IMR Press / FBE / Volume 15 / Issue 2 / DOI: 10.31083/j.fbe1502009
Open Access Review
Ozone as a Topical Treatment for Infected Dermal Wounds
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1 Birck Nanotechnology Center, Purdue University, West Lafayette, IN 47907, USA
2 School of Mechanical Engineering, Purdue University, West Lafayette, IN 47907, USA
3 School of Electrical and Computer Engineering, Purdue University, West Lafayette, IN 47907, USA
4 School of Materials Engineering, Purdue University, West Lafayette, IN 47907, USA
*Correspondence: (Rahim Rahimi)
These authors contributed equally.
Front. Biosci. (Elite Ed) 2023, 15(2), 9;
Submitted: 23 August 2022 | Revised: 12 December 2022 | Accepted: 3 January 2023 | Published: 19 April 2023
Copyright: © 2023 The Author(s). Published by IMR Press.
This is an open access article under the CC BY 4.0 license.

Dermal wound infections are a rising source of morbidity and mortality in patients worldwide as new and worsening complications reduce the efficacy of traditional treatments. These challenges in wound care are increasingly caused by comorbidities such as obesity and diabetes as well as surging rates of antibiotic resistance. As a result, there is an urgent need for alternative treatment options. Gaseous ozone has shown great promise as a potential new treatment for infected dermal wounds. In this brief review of current wound therapy techniques found in the literature, an in-depth discussion of the mechanisms, benefits, and results of topical ozone gas as a therapy for infected dermal wounds is presented. This includes studies of ozone applied to wounds performed in vitro, in vivo, and clinical settings, as well as the use of ozone as an adjunct therapy for increasing the efficacy of traditional treatments. The overwhelming evidence suggests that ozone exhibits significant antimicrobial properties and has been shown to promote wound healing factors, especially when applied between 5–60 ppm. As such, this promising alternative therapy warrants a significant investment of time and resources to fully utilize ozone as an effective treatment against antibiotic resistant bacteria and other rising challenges in wound treatment.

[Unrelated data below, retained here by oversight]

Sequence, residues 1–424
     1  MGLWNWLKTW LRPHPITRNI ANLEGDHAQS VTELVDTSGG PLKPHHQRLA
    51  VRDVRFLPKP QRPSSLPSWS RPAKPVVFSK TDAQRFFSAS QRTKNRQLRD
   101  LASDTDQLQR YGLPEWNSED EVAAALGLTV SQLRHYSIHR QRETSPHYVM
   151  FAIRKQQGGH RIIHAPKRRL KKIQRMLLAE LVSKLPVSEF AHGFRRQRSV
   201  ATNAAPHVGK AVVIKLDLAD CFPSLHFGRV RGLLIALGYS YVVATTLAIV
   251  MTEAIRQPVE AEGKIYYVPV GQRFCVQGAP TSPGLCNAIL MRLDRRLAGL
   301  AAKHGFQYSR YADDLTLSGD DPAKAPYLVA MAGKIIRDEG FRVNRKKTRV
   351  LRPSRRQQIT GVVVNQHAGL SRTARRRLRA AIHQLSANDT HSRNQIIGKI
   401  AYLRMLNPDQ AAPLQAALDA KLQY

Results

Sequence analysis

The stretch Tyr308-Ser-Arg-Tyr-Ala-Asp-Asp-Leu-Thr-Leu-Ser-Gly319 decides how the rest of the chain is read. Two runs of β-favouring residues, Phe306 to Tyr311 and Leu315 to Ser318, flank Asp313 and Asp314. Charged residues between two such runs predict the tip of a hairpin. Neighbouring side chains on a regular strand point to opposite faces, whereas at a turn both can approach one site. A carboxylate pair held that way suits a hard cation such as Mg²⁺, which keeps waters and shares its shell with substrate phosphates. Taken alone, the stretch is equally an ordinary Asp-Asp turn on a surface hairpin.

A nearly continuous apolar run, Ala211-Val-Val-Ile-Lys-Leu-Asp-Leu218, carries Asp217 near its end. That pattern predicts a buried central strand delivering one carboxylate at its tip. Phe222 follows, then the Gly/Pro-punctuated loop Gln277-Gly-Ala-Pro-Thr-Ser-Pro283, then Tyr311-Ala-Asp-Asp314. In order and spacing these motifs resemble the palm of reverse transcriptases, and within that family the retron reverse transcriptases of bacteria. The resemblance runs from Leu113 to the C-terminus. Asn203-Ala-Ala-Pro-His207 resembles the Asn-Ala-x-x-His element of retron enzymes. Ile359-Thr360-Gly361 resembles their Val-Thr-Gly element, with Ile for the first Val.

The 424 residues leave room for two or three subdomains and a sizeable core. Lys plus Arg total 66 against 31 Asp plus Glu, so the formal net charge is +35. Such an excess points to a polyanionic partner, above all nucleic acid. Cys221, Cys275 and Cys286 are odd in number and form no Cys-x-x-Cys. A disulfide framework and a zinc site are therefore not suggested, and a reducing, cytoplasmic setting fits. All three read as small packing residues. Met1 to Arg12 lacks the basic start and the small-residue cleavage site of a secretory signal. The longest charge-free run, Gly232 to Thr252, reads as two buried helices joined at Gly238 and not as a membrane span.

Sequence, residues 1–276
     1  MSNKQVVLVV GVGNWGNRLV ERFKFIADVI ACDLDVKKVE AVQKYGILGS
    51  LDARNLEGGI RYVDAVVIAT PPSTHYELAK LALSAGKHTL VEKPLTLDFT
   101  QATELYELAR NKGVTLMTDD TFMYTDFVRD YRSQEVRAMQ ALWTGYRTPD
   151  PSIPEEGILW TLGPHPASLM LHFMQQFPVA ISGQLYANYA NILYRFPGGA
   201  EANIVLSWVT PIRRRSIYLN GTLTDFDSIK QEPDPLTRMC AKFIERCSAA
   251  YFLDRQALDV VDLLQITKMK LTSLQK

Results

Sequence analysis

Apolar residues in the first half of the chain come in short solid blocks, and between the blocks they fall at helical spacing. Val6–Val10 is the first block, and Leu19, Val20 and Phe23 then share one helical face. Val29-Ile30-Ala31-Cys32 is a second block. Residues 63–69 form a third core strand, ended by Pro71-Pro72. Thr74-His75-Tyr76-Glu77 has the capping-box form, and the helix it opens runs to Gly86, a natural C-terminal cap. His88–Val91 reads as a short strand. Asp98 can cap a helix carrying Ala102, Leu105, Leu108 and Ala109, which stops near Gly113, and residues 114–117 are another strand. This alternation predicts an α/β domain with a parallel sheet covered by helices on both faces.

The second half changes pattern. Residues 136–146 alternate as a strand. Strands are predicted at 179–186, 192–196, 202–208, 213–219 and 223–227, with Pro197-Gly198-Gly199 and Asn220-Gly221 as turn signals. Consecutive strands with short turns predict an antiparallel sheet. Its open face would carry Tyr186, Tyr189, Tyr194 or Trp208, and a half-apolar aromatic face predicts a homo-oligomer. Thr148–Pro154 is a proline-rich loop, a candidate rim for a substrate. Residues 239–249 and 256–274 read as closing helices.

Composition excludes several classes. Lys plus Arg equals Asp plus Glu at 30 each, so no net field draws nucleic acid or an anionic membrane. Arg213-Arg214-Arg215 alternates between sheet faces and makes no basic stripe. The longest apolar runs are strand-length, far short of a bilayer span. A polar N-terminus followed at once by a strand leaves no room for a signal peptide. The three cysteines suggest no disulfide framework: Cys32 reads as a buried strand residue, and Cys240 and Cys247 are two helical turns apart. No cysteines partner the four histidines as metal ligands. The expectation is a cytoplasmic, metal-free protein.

wound therapy
topical administration
adjunct therapy
antibiotic resistance
1. Introduction

Skin is the body’s largest organ and provides a barrier to pathogens, prevents water loss, regulates our temperature, allows us to sense through touch, and many other crucial functions [1]. Much of this barrier function is provided by the epidermis, which constitutes the outer layer of the skin tissue. Disruption of this barrier, in patients with chronic wounds leads to a significant reduction in the skin’s ability to prevent microbes like bacteria from colonizing and causing skin infections [2]. These skin and soft tissue infections (SSTI) are a major concern in the healthcare industry. The wound care market in 2021 was estimated at $17.5 billion and is projected to grow at a compounding rate of 6% [3]. SSTIs cause an estimated 3.5% of emergency room visits in the US, with each visit costing over $8000 [4, 5]. These costs become even more significant for patients with other serious comorbidities, such as diabetes and obesity, which can severely impair the body’s vascular system and lead to poor blood flow. These conditions are widespread as currently, over 30% of Americans are obese, and 10% of the US population has diabetes [6, 7, 8].

One of the most common wound types among this demographic is diabetic foot ulcers (DFU), affecting between 15–25% of patients with diabetes [9]. Due to chronic venous insufficiency, neuropathy, and other complications associated with diabetes, DFUs often become chronic wounds, or wounds that do not progress toward healing at a standard rate (typically within 30 days), leading to a greater chance of reinfection and other serious complications [10]. DFUs that exhibit chronic behavior significantly increases the risk of major complications. According to Apelqvist et al. [11], up to 85% of all lower extremity amputations in diabetic patients stem from chronic wound complications. Infections are the most common complication in DFUs, affecting up to half of all DFUs in healthcare settings [12, 13]. While acute wounds in a healthy adult can often fight off infection through natural defenses, the compromised vascular system and immune system in diabetic patients make this much more difficult and lead to a greater risk of infection [14]. In short, this process occurs as bacteria, either from external contamination or from the over 600 species that typically inhabit the human skin, enter the wound area and begin to proliferate [15]. A healthy body will begin to fight this infection and progress through wound healing through several processes, including the deployment of macrophages to help fight against invading pathogens like bacteria [16]. In cases where underlying conditions prevent these native defenses from being able to eliminate the contamination, the bacteria will proliferate, and the infection will take root. Common bacteria in wound infections include Staphylococcus aureus (S. aureus), Pseudomonas aeruginosa (P. aeruginosa), Proteus mirabilis (P. mirabilis), and Escherichia coli (E. coli) [17].